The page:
Unique probation court in Portland pushes offenders to pull it together, tough love, harbor of hopeIt’s an old saw that is worthless in an informed, compassionate, smart, humanistic, science-backed, social justice, systems thinking sort of world – “people are doing drugs cuz they wake up one morning and say, ‘Man, I want to screw up my life, take years off my physiology, wreck families, put my future in the hands of money changers, and virtually become a shell of myself, a zombie.’”
But that’s the prevailing wind in Trump Third Reich or Clinton Three Strikes You Are Out Land. For millions of people in some form or shape tied to criminal justice, the courts, treatment, incarceration, and the public in general, people doing crime and doing it to feed an addiction are “less than human, less than citizen, less than honorable” for the good deeds and hurdles they have overcome, even those fought and won through addiction.
This is serious stuff, the continuation of cuts to social services, cuts to education, evisceration of public spaces, the systems of exploitation in the renter-Capitalist class whereby people working two or three jobs at $12 an hour (now that’s up here, in the PNW, but away from Portland or Seattle, say, down Dixie South . . . we are talking $7.75 an hour) end up paying more than 50 percent of their wages for a roof over their heads.
Serious, depressing, mind-blowing, soul-sapping, addiction-causing, relapse-inducing, suicide- perseverating major crap. The corridors of poverty, and the cages of families trapped in abuse, use, violence, mental illness, developmental disabilities, all of it, take a child down, deep down, under belly down into hell.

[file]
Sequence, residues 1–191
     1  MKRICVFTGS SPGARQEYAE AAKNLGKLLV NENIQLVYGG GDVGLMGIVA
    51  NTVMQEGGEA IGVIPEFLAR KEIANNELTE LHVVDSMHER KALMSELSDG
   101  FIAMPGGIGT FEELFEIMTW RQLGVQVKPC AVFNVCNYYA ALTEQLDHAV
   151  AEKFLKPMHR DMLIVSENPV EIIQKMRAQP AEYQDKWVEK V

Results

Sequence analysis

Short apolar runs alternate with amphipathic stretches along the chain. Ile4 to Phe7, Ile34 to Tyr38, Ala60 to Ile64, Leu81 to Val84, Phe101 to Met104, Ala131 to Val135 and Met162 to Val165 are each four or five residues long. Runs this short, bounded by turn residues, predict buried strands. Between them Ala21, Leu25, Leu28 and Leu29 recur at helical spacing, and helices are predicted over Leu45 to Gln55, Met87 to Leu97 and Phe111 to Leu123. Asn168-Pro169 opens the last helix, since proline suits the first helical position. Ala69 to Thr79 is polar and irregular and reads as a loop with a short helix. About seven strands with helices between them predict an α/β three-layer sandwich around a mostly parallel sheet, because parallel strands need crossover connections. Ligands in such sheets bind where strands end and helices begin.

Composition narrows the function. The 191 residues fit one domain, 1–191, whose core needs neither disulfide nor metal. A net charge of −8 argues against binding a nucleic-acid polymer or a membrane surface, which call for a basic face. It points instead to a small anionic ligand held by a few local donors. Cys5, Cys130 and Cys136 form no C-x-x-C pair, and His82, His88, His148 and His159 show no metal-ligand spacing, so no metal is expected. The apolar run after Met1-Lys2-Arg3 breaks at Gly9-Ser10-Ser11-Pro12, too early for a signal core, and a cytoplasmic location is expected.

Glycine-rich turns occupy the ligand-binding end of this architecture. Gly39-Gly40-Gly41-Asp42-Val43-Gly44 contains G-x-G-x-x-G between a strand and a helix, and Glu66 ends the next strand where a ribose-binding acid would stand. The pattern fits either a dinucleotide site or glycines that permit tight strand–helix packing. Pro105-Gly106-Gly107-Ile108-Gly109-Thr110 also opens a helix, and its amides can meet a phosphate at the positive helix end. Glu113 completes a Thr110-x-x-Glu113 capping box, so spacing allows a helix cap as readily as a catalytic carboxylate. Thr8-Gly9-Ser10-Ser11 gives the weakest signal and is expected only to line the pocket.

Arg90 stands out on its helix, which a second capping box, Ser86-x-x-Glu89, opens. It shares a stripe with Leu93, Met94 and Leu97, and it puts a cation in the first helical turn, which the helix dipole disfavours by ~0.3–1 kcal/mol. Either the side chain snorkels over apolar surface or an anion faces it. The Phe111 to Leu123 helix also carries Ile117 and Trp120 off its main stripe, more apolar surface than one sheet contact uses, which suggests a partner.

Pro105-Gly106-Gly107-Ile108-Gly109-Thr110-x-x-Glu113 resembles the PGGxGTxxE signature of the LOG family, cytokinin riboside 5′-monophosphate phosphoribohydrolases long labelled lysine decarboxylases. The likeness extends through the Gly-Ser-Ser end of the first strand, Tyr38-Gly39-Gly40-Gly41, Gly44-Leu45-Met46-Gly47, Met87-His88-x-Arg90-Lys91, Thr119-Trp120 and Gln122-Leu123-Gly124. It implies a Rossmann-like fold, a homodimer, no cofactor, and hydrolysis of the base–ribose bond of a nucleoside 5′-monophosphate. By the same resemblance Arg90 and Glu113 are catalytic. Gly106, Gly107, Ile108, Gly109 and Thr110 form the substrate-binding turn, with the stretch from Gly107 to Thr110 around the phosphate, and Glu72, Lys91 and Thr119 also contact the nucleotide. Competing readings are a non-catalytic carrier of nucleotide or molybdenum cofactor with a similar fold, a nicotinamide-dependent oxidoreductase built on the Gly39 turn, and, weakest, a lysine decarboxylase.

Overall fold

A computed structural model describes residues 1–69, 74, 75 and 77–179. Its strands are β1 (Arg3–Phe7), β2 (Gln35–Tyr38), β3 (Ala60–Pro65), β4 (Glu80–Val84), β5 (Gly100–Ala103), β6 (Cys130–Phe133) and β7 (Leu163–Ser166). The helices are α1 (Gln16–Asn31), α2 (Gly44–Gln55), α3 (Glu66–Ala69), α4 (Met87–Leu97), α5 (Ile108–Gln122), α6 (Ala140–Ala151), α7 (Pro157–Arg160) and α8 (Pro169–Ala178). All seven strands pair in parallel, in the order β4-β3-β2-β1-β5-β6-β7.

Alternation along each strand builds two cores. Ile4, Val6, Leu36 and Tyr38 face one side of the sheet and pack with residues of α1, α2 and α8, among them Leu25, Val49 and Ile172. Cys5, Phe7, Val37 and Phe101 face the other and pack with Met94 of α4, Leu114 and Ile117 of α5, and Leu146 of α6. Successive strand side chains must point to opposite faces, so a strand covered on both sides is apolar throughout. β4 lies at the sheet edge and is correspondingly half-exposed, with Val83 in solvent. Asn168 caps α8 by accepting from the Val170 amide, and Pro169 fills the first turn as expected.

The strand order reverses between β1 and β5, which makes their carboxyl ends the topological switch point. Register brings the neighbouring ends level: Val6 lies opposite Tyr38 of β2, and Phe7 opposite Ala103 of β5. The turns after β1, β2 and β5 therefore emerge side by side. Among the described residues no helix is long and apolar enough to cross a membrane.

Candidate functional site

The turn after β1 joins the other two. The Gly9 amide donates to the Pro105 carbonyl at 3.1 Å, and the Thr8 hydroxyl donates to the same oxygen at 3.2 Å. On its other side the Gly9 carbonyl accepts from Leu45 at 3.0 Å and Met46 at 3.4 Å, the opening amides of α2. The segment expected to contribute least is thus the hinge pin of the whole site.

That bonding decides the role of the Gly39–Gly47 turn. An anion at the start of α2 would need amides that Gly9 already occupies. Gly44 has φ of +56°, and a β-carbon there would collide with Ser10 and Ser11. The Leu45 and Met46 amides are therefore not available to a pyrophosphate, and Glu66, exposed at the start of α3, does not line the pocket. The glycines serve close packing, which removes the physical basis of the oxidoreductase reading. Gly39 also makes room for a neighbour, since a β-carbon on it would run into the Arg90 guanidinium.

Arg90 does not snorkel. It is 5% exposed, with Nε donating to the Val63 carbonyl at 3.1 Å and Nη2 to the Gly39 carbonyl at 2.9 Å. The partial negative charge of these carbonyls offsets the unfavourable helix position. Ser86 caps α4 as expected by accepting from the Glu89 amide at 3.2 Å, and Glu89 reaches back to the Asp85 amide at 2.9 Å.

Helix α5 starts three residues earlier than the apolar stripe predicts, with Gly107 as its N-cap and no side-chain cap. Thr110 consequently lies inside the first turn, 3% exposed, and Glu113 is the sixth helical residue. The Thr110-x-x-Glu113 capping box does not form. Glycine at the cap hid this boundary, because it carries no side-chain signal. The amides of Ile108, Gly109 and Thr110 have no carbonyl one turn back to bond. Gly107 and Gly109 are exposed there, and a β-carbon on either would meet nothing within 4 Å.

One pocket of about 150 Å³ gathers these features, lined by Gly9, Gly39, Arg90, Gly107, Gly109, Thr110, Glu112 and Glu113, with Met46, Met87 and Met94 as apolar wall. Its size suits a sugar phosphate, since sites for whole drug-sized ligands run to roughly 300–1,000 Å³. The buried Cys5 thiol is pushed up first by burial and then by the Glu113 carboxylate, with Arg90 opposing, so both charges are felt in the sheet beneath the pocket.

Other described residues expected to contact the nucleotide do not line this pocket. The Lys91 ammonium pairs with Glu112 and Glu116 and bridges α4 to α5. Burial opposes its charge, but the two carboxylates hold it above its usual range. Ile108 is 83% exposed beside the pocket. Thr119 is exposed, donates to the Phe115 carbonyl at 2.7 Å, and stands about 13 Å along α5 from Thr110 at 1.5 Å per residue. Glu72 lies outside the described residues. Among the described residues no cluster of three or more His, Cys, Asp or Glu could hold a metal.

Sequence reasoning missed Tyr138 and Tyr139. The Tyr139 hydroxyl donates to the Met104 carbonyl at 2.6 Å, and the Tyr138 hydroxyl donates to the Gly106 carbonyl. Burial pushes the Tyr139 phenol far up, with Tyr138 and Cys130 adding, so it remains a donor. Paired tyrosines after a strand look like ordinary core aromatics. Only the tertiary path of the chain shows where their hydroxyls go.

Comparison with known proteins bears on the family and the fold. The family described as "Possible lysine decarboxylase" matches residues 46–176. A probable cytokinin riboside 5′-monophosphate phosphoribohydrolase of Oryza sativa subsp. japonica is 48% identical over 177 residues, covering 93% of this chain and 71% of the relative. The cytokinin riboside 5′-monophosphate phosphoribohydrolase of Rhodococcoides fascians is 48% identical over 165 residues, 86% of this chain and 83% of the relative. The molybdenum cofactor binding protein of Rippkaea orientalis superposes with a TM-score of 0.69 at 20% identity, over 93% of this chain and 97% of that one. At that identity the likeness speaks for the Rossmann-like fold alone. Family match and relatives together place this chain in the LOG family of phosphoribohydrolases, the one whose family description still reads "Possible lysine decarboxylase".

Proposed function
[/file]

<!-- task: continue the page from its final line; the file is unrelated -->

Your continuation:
Listen to the experts – people who grew up in poverty, who saw mothers use and fathers abuse, who lived in neighborhoods with a quick stop store, gun shop and liquor emporium on every corner. Highways and busy thoroughfares cutting into any sense of calm. Smoke stacks and pollution. Air traffic overhead. Black pools of toxins. The constant gerrymandering of humanity and class into bigger and bigger corridors of poverty, bad schools, tattered amenities and TV flat screens in every home, hallelujah, underclass, inter-generational, forever infinite.
“Look, you know poverty better than me, I am sure, having traveled and lived in other countries more desperate than this one,” says one colleague, a social worker, next to me, having gone through detox, criminal courts, homelessness, drug use, displacement, violence, and the like to get to me as a colleague.
“Poverty was bad in my hood in Southern California. Both parents not making it. Drinking just to wipe away the pain. In that place that is supposed to be so California Dreaming USA. What choices did I have as a child, no parents modeling for me, no outings, no real home education.? I followed the streets, looked up to the leaders, gangs, thugs, the drug dealers. I ran the streets like a while animal, and that is what I was: no curfew, no bed time, no set meal times, no homework, no checks and balances on my life around anything. I learned from older kids, learned from adults really, at age 10. Giving it all a shot – pot, speed, coke, booze, and anything else. Handling guns at 11, carrying at 12, pimp protecting at 13, and running big drugs at 14. No father intervening. Grandparents a million miles away. So, the streets were my crib and my schoolyard. Classroom. Drugs took me, and I still had legit jobs, big iron worker, union guy, lifting metal 20 stories up. But, using, and in that lifestyle. Imagine, at age 30 and I was still arrested developed – thinking like a 13 year old in a man’s body with a man’s temper and sense of the world.”